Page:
There’s a new way to make learning Chinese characters fun for Japanese kids—just add poop.
The series “Unko kanji drills”—”unko” meaning poop, and “kanji” the word for the Chinese characters used in Japanese writing—has sold almost two million copies since it hit the market in March. The six books in the series each feature a teacher with an emoji-like poop as a head, Unko-sensei, or Mr. Poop, who guides the children in how to write 1,000 characters through 3,018 poop-infused exercises.
The books (link in Japanese) were created by Shuji Yamamoto, a former Lehman Brothers employee who had already been dabbling in writing and publishing on the side while he was at the bank. He initially founded his own publishing house after he quit Lehman shortly before the bank went under, and mostly published self-help books, including best-sellers. He became interested (link in Japanese) in educational books, but felt that existing teaching materials were too boring—so he teamed up with Yasaku Furuya, a writer of poop-themed senryu, or haiku-like short poems usually about whimsical topics, for his project.
Japanese students are expected to learn 1,000 kanji by the time they leave elementary school. Learning kanji is generally a rote-based drag, and in Japanese the process is complicated by the fact that one character can have multiple pronunciations. As kanji characters were brought over from China, each character has a pronunciation that comes from the original Chinese, known as onyomi, and a Japanese pronunciation, known as kunyomi. For example the character for eat, 食, is pronounced “shoku” in its onyomi form, and “tabe” in its kunyomi form.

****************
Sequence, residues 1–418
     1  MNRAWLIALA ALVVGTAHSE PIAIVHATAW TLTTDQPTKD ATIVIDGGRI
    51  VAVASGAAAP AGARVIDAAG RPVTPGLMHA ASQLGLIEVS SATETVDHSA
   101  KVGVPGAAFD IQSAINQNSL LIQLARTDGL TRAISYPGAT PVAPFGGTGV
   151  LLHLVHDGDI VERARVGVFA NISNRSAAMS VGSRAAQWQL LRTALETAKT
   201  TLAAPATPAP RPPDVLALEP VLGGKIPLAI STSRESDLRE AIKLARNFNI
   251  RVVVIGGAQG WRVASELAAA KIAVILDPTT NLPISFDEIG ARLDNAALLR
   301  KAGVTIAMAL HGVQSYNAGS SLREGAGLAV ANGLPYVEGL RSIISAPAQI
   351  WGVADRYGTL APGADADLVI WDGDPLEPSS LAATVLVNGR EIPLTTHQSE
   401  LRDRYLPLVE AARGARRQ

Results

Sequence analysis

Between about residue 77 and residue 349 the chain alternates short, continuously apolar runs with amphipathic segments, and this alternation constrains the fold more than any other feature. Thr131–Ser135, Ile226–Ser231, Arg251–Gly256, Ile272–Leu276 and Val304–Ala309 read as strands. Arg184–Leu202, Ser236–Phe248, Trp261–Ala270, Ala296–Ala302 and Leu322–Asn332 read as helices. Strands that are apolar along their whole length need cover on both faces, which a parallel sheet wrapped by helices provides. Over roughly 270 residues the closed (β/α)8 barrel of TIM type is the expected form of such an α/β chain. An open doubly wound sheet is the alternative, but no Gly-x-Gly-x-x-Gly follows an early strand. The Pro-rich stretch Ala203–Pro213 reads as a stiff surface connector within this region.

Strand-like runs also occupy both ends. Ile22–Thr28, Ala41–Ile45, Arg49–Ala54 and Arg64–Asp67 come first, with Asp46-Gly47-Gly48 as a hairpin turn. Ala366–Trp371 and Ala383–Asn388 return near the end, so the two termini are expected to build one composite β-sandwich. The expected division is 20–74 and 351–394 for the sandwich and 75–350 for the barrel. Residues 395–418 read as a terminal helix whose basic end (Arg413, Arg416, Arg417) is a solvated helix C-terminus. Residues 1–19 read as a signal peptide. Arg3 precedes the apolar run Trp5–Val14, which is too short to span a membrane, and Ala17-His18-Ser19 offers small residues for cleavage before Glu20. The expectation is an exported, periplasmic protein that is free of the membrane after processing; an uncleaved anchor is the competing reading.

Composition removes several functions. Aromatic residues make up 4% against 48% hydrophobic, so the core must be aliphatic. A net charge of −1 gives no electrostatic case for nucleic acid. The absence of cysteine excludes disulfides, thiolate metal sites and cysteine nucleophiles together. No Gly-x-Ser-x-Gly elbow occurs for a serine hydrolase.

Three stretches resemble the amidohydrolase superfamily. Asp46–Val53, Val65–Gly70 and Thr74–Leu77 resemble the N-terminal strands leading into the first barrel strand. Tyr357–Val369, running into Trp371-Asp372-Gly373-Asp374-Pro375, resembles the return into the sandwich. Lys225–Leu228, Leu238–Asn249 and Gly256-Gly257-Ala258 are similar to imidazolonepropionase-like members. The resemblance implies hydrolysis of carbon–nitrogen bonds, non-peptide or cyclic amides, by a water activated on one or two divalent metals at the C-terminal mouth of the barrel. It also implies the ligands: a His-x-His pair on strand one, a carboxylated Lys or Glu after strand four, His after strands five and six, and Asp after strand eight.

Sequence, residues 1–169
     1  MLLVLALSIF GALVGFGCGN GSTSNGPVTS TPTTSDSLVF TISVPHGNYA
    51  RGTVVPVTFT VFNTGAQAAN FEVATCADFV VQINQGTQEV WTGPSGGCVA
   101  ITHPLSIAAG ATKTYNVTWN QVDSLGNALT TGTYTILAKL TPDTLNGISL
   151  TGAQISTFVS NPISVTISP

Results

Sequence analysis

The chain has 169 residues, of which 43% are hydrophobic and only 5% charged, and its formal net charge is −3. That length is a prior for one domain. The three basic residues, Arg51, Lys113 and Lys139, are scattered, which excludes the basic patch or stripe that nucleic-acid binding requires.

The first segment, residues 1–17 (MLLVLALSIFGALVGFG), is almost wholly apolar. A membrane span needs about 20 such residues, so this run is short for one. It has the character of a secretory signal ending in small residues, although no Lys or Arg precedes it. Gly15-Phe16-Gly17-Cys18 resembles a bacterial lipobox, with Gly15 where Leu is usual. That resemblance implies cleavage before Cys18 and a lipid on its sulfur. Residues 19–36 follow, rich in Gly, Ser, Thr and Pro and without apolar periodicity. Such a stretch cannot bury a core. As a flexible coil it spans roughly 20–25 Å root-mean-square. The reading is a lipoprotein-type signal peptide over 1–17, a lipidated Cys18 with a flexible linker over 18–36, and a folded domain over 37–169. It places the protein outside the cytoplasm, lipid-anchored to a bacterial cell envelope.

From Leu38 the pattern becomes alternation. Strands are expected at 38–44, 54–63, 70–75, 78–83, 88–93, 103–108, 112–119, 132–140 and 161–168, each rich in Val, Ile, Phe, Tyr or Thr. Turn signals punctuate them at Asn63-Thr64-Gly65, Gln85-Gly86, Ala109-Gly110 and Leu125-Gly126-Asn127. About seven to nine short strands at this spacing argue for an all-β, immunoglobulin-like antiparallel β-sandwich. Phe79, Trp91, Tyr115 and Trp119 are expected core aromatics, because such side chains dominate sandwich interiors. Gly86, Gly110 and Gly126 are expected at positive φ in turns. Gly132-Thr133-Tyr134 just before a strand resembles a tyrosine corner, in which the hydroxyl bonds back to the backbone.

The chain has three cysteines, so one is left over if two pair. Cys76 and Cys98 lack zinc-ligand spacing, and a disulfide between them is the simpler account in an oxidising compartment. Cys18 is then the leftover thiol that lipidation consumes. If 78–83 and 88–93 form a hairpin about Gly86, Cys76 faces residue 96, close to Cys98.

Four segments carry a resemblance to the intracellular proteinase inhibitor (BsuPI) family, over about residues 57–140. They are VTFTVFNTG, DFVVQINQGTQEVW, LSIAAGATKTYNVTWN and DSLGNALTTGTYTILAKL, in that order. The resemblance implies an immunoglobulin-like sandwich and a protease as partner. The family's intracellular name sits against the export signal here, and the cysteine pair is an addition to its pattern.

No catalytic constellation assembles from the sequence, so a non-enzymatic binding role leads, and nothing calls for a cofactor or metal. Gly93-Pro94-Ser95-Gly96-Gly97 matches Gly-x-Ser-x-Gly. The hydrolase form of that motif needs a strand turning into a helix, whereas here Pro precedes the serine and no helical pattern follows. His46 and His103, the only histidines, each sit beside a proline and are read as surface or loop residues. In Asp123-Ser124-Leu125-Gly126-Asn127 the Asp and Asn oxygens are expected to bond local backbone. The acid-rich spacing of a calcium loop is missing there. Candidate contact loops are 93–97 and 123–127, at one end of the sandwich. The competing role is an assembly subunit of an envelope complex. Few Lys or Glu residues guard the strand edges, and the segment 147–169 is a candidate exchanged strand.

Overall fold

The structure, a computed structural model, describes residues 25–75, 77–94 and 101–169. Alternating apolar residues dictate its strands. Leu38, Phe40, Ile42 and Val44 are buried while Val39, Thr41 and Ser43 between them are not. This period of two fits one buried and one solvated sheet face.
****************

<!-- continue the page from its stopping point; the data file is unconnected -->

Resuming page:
In a drill where Mr. Poop teaches children how to write the character for “wind,” a small drawing shows blobs of poop blowing in the wind, alongside sentences that say, “I held poop and walked through the north wind” and, “A ghastly number of poop is being blown in by the typhoon.”
All six books in the series are currently among the top 20 bestsellers (link in Japanese) on Amazon’s Japanese site. One reviewer wrote, “I gave this book as a gift to my best friend’s son, who dislikes kanji so much it makes him cry. He seems to be starting to do it… It’s great!”
Japanese parents have been sharing photos of their children proudly holding their poop books on social media:
In an interview (link in Japanese) with the Nikkei newspaper, Furuya, the writer of poop poetry, said he believes the word “unko” is beloved by children, but saying it could get them in trouble with teachers and parents. These books give them liberal license to use the word as much as they want. “In other words, I want children to feel liberated when it comes to poop,” he said.